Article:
“We knew right away that we loved the building,” says Daryl Simpson, senior vice president at Bosa Properties, the Vancouver-based developer that commissioned Scheeren’s firm. “Primarily we loved the degree to which it might stimulate a conversation about altering the paradigm of what a high-rise is,” Simpson says—as if Scheeren’s CCTV tower or Interlace complex had not already started that debate.
But with a high profile comes public scrutiny. The Vancouver-based architecture critic Trevor Boddy is not impressed with Scheeren’s proposition. He says, via email, that the project “will, if built, become our city’s tombstone to the starchitect era. The design for Bosa Properties has all the ham-handedness of the Beijing CCTV tower he co-authored while at OMA, but with none of its lumpy awe.” He suggests the “clumsy” project is an attempt to outdo a different showpiece tower now rising in the city designed by the Bjarke Ingels Group, another global architecture firm known for similarly flamboyant forms. “It would be too kind to describe his tower’s Jenga-block massing as crystal meth in the kindergarten,” Boddy adds.
Widely regarded as his first triumph, not everyone appreciated the CCTV tower’s design. Writing in The New Yorker in 2009, the architecture critic Paul Goldberger noted that “its shape is about as irrational, and as self-consciously bizarre, as you could imagine.” Some locals refer to the building as “Big Shorts,” and others say it resembles a person squatting over a toilet. It was also a target of Chinese President Xi Jinping’s 2014 proclamation that there should be no more “weird architecture” built in China.
Critiques like these haven’t dissuaded Scheeren, nor the developers who desire to hire him for projects. (For its part, Bosa Properties has already commissioned him to design a second residential building in the city.) In fact, interest in his approach only seems to be growing, and on a global scale.
Scheeren recently secured his firm’s first project in Europe, a 23-floor apartment building in Frankfurt with sides accented by wide rectangular extrusions and indentations. In a familiar Scheeren motif, the new surfaces these create are rendered in the drawings as lush aerial gardens, patios, and overhangs. The project is also a relatively rare large-scale adaptive reuse of an old concrete office tower, and existing technical floors at the bottom and top will be replaced with new habitable levels and expanded floor plans. Scheeren says that what attracted him to the project was its broader relevance to older cities in Europe, which he says need to think more strategically about updating existing buildings to meet new needs and serve more people as cities become more dense.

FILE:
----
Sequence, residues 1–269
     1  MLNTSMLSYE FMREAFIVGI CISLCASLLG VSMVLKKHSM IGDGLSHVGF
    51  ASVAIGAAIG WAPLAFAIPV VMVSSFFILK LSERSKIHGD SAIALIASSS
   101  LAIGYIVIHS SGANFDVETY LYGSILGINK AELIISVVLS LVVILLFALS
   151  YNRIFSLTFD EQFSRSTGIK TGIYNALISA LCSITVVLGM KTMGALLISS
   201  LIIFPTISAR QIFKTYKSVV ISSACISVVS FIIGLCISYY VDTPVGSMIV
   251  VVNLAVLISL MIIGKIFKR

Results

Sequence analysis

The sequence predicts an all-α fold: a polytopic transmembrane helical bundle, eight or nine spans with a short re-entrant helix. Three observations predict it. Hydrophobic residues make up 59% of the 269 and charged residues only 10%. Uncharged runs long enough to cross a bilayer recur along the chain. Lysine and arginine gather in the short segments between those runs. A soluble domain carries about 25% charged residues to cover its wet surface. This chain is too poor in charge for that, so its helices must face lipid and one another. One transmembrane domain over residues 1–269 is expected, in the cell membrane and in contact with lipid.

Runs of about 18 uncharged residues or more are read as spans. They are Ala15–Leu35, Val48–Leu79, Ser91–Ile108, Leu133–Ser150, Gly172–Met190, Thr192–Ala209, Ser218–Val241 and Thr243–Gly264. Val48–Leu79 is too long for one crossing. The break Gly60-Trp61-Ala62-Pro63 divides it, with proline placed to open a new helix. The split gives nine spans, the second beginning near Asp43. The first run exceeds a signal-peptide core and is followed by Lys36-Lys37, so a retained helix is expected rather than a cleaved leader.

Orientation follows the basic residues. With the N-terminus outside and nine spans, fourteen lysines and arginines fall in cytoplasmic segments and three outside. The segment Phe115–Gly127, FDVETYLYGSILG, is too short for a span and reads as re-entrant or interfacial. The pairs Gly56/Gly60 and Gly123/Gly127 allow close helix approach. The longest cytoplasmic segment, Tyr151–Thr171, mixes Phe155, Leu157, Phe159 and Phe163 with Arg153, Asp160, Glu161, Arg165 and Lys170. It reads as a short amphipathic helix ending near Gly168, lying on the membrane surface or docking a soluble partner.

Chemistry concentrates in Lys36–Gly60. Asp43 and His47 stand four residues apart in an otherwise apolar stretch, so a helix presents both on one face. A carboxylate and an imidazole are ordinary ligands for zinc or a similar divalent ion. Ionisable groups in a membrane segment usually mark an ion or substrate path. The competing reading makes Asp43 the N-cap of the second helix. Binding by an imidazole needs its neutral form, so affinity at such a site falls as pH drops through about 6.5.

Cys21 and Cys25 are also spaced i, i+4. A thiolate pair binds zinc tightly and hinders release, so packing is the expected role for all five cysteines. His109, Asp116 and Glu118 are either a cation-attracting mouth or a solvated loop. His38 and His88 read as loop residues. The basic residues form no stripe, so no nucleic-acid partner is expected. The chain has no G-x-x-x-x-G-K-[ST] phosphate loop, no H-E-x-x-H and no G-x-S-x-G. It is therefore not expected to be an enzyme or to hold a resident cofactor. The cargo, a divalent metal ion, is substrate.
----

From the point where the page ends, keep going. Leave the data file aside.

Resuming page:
“It was important for me to find the right project,” says Scheeren. “To come into Europe and not just say we’ll continue to do the same thing that we did in Asia, but to say everything we’ve learned there we can apply in a very strategic way to the specific challenges that Europe is facing.”
He hints that other major cities—in Europe and beyond—are on his radar. He’s not able to publicly announce several buildings yet, but one, he assures, “will be another extreme and superlative that will set its own very important marker.” The scale, he hints, is even larger than the CCTV project.
And he’ll soon be debuting his firm’s first work in the United States, at the atypically small scale—for him, anyway—of a kitchen and fast-service counter for the food retailer Dean & DeLuca, with locations in New York and Los Angeles. “I think it’s really important not to become the guy [known] for one thing, [in which] you develop a formula and [apply] that formula to every single thing that you’re producing.” He’s hoping more projects stateside will follow and that American cities won’t just serve as stopovers on the way to more ambitious work in familiar locales.
“Asia has been in a position, and in large part still is, to pioneer certain new architectural ideas.” he says. “ But I think the rest of the world is as much in need of them. It’s an interesting moment for me, for us, to become involved.”